From: Frank Jack Daniel, Reuters, NEW DELHI
Published November 23, 2011 06:52 AM

UN Climate Chief warns Science, not politics must drive Durban climate talks

Global climate talks need to focus on the growing threat from extreme weather and shift away from political squabbles that hobble progress toward a tougher pact to rein in greenhouse gas emissions, the head of the U.N. climate panel said.


Negotiators from nearly 200 countries meet in Durban, South Africa, on Monday for two-week talks, with minimal expectations of major progress toward an agreement that will eventually bind all major economies to emissions caps.

Rajendra Pachauri warned the latest round of talks risked being bogged down by "short-term and narrow political considerations."

"It is absolutely essential that the negotiators get a continuous and repeated exposure to the science of climate change," Pachauri told Reuters in an interview late on Tuesday.

"If we were to do that it will definitely have an impact on the quality and outcome of the negotiations, after all these are human beings, they have families, they are people also worried about what is going to happen to the next generations."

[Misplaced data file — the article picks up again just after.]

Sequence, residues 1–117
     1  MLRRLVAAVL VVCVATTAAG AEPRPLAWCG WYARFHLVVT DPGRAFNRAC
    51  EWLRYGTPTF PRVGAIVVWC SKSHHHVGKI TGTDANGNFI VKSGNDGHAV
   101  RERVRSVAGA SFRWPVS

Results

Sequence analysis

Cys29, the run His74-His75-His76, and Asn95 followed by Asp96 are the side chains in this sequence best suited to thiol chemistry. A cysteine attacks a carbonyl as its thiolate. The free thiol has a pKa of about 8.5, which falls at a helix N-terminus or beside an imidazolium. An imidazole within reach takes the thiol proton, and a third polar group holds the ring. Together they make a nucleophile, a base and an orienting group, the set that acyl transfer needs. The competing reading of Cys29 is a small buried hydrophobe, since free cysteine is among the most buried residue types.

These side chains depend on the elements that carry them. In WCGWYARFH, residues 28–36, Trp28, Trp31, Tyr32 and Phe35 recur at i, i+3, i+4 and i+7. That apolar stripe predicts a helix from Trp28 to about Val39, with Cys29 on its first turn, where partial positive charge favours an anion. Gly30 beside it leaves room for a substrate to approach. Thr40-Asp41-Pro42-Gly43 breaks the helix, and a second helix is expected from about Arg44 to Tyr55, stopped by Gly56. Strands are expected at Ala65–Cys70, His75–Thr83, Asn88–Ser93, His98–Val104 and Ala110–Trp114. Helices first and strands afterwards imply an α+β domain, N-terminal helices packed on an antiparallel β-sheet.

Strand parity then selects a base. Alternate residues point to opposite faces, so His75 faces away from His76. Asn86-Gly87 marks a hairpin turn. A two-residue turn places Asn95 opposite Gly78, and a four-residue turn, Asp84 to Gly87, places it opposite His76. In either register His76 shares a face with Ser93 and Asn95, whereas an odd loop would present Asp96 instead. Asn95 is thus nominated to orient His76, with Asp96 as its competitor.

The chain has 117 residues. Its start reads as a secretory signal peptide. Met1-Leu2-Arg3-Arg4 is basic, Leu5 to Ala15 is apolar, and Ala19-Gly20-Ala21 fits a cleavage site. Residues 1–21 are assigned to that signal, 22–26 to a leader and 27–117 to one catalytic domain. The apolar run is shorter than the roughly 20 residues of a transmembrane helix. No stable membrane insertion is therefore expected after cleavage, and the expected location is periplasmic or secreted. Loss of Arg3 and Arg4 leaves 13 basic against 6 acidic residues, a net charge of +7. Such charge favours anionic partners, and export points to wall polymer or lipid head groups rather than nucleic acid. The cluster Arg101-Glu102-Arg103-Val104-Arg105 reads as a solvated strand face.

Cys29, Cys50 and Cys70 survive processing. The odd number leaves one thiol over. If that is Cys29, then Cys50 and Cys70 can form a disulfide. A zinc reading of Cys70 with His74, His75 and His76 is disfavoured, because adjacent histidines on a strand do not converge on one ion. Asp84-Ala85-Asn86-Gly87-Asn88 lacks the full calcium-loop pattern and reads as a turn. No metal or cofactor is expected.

Pachauri heads the U.N.'s Intergovernmental Panel on Climate Change, which issued a report for policymakers on Friday saying an increase in heat waves is almost certain, while heavier rain, more floods, stronger cyclones, landslides and more intense droughts are likely across the globe this century.

"I am afraid the way the whole thing is structured loses sight of these realities," Pachauri said of the talks.

The report comes after a year of costly weather disasters, from floods in Thailand to a string of multi-billion dollar disasters in the United States that have killed hundreds.

At best Durban is expected to result in modest steps toward a deal to lower emissions from factories, power stations and transport that scientists say are heating up the planet.

The negotiations have become a battleground between rich and poor nations on the question of how much cuts in greenhouse gases each should take, with developing countries insisting they should be allowed to emit more to grow out of poverty.

Image credit: Shutterstockszefei

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